Part II

our clues from Kant. We will have to come back to these determinations so as to use them to show why the problematic of the ur-temporal remained hidden from Kant.69

* * *

§24. The function of time in the Transcendental Logic. A characterization of the problematic

First we tried to orient ourselves concretely regarding the general way Kant comes at time, and in so doing we have intentionally left unexplained Kant’s specific formulation of the problem that drives these considerations. Our interpretation took us back to the context that Kant for his part never researched or even envisioned. Kant’s basic aim (to which these considerations in the Transcendental Analytic belong and which they help to realize) is different from a thematic analysis of knowledge or consciousness as such. Our task now is to understand that basic aim more precisely, so as to fundamentally clarify (1) the problem-context within which the phenomenon of time, as we have characterized it, operates, and (2) the way of treating the phenomenon of time which the basic problem-context prescribes. If it turns out to be no accident that time shows up in all the decisive parts of the Critique of Pure Reason, then in the final analysis we will have to formulate the problematic of the Critique [306] in such way that the question of time stands at the center of that problematic.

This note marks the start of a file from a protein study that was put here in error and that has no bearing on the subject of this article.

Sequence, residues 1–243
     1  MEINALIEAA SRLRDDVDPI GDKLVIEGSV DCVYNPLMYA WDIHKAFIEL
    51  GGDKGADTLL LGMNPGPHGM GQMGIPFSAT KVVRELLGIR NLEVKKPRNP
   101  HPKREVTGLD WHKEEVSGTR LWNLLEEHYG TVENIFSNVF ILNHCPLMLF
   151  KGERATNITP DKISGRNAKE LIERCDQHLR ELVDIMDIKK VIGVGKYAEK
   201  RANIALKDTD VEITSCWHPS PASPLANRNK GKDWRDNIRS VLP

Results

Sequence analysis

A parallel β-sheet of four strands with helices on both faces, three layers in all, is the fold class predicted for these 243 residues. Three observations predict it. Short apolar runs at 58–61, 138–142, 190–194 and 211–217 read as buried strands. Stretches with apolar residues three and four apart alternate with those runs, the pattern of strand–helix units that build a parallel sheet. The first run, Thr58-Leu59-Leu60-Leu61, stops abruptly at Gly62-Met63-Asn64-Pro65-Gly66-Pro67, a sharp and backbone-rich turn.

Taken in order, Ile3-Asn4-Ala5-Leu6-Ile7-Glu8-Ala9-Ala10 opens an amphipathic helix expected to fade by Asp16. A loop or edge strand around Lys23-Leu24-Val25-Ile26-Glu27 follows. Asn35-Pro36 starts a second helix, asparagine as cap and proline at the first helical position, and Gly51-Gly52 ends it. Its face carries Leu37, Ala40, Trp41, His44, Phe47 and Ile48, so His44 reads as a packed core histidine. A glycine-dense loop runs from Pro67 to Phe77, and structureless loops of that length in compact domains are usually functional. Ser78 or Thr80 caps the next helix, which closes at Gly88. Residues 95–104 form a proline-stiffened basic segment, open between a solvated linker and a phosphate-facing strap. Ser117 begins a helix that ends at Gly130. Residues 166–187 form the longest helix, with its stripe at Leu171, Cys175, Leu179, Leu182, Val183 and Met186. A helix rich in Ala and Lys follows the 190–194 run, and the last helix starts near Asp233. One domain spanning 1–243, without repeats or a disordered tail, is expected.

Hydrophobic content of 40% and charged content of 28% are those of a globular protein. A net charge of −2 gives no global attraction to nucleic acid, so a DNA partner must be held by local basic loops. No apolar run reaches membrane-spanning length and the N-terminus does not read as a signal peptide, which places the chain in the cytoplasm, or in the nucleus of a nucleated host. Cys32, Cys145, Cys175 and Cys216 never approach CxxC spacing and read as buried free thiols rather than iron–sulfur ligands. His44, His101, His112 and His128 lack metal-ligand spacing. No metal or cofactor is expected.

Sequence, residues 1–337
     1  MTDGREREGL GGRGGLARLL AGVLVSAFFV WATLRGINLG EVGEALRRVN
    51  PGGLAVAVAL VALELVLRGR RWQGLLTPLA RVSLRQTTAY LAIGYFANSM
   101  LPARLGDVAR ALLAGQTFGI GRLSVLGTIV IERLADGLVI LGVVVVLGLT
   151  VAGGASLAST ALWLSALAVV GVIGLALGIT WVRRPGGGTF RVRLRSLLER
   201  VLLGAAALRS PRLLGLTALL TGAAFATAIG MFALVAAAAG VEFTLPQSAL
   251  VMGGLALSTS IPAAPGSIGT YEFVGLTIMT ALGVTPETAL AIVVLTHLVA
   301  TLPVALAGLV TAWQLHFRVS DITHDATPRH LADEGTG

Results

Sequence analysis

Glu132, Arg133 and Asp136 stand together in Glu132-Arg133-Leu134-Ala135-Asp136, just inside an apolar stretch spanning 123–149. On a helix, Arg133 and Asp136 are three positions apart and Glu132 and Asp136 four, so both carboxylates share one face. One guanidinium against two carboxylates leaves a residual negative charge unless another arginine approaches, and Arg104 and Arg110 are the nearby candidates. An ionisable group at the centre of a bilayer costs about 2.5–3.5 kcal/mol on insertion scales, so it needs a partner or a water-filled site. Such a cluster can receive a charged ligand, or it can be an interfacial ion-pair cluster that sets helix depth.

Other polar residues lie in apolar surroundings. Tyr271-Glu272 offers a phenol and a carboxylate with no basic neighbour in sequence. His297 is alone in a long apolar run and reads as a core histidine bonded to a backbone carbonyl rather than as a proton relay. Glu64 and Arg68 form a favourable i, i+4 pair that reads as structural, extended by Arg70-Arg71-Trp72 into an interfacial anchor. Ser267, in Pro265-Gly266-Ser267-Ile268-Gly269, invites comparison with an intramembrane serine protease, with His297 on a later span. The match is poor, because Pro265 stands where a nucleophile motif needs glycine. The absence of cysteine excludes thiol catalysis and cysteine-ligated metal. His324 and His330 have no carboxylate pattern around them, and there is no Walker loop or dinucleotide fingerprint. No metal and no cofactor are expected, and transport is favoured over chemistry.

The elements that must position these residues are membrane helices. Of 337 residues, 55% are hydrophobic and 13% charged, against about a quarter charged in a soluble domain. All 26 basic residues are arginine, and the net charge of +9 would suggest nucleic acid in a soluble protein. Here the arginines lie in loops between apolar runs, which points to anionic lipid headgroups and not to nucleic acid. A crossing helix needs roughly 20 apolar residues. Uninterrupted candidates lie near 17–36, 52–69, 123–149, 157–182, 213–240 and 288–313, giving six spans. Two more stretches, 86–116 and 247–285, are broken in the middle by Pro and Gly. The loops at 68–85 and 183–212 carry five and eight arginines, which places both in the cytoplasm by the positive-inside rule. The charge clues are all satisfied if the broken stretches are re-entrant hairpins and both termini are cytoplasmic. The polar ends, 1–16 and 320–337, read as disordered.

I now want to spell out this central problematic, which is not explicit in Kant, and clarify it, starting with what we have already explained. From our encounters so far with Kant’s determinations of space and time, what guidelines for our research have emerged? Within empirical intuition Kant finds pure intuition. In the empirical intuition of the outer world he finds space; in the empirical intuition of one’s own self he finds time; and indeed, space and time are the conditions of the possibility of the givenness of the manifold of their respective areas. But what form of research led Kant to find anything like conditions of the possibility of givenness? He investigates empirical intuition and looks for conditions of possibility in that intuition. That is, he looks for what it is in empirical intuition—or more exactly: in what is intuited in empirical intuition—that is already prior to empirical intuition. And why precisely in empirical intuition? Because empirical intuition is the primary form in which knowledge is carried

69.[Here (Moser, p. 619) Heidegger ends his lecture of Thursday, 4 February 1926, to be followed by that of Friday, 5 February, which opened with a 750-word summary that is omitted in GA 21.]

Page generated by LogicSteller.EXE